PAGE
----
Editor's note: Michele Jay-Russell is a food safety and security specialist, and Michael Payne is the Outreach Program Coordinator, both at the Western Institute for Food Safety and Security (WIFSS), a program of the School of Veterinary Medicine at University of California at Davis.
With more than half a billion eggs recalled and at least 1,300 salmonellosis illnesses linked to eggs in an ongoing investigation this summer, consumers are worried and wondering, "What went wrong, and what can I do to protect myself and my family?"
We study food safety for a living, so our own family members have been quizzing us about which eggs are safest to buy.
Our immediate response to them, and everyone else who has called us at the university for advice, is to recommend they check the recall list and discard implicated eggs or return them to the store for a refund.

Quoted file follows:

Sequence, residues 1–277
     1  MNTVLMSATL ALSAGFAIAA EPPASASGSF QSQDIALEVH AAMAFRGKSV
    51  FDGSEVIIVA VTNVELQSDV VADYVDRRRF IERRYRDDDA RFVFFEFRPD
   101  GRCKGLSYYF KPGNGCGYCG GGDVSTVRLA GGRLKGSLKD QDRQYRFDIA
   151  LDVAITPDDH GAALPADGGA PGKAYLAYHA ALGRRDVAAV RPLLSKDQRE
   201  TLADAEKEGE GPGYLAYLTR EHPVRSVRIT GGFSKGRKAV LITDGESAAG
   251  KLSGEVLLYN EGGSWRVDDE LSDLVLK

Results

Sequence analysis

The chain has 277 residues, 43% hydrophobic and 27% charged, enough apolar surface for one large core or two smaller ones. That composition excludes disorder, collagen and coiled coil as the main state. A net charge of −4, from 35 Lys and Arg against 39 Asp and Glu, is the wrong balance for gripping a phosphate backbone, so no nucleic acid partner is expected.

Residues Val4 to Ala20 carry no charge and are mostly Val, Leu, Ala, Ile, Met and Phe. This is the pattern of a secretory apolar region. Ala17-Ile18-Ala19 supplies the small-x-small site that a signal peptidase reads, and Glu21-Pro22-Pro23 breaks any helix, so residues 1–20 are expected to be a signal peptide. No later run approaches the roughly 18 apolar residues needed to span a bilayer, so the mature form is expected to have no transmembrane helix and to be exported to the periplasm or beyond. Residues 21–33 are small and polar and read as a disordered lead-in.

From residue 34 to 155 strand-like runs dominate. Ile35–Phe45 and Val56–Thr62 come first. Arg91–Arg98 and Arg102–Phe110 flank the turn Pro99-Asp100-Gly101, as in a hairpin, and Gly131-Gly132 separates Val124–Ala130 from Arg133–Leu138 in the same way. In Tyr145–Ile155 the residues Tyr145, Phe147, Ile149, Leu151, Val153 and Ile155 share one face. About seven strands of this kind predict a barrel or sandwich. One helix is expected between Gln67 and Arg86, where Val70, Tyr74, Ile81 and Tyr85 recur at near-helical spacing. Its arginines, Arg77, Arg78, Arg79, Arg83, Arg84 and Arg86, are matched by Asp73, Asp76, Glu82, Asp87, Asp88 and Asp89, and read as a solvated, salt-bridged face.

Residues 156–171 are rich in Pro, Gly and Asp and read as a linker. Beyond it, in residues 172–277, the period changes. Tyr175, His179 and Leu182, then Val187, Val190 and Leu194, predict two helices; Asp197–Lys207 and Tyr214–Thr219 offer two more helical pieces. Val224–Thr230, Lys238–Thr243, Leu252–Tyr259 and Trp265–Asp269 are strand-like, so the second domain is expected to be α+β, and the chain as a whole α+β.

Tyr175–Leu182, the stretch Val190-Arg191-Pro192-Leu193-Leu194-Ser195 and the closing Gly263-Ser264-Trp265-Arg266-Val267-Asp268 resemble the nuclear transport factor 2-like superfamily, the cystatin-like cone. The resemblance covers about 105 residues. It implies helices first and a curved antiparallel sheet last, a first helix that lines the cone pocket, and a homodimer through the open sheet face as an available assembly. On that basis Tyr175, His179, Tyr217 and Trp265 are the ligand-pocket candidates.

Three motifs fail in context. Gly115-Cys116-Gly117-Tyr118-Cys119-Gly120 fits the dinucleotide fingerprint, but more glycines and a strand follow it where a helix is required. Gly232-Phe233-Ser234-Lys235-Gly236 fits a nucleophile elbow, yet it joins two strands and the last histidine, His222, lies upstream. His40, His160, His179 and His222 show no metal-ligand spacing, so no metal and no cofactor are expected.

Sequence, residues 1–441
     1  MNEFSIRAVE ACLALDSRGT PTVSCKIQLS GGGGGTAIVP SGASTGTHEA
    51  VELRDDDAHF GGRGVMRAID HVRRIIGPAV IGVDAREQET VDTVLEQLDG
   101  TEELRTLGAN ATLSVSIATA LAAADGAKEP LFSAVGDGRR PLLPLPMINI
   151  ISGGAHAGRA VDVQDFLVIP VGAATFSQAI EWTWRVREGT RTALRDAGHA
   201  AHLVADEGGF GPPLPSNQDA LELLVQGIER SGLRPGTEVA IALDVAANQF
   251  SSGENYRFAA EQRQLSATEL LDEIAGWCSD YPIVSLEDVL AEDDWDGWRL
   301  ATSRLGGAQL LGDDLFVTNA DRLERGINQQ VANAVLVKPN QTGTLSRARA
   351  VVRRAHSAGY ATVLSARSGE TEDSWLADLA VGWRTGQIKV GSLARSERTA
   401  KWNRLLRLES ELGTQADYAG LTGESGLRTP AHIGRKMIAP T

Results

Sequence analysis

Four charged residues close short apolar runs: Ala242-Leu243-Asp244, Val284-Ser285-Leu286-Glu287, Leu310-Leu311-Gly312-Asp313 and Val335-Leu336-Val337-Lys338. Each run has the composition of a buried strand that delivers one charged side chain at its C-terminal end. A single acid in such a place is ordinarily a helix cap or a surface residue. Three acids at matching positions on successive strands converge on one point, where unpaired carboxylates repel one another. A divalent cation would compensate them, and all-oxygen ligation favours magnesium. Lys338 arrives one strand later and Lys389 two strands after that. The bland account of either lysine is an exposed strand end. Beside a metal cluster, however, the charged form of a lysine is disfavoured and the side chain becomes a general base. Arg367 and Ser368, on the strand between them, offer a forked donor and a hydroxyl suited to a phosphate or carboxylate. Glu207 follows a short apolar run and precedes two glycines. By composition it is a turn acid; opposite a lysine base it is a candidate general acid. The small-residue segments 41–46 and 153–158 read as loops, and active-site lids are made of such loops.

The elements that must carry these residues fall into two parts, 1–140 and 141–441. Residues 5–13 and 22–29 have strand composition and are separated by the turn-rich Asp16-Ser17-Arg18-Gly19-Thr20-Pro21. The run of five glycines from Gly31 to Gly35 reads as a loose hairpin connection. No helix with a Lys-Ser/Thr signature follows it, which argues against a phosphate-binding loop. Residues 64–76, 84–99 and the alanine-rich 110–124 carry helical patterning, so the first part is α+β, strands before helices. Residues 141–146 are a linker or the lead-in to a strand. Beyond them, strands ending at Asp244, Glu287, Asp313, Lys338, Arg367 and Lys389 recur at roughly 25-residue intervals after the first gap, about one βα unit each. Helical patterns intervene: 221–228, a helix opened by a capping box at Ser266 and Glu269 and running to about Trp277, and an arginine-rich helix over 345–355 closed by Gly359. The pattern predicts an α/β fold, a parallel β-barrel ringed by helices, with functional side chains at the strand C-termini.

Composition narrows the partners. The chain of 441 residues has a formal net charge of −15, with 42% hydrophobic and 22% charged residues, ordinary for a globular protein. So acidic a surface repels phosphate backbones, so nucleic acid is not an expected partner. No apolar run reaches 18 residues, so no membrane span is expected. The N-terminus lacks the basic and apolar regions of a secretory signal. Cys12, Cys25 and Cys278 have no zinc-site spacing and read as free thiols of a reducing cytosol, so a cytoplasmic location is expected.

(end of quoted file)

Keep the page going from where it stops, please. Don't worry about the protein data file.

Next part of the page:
But, beyond the recall, they also wanted to discuss the broader issue of food safety differences between eggs sold conventionally versus free-range or cage-free eggs. For example, they wanted to know is it really true, as some food activists suggest, that eggs from cage-free chickens are safer
The answer? Not necessarily.
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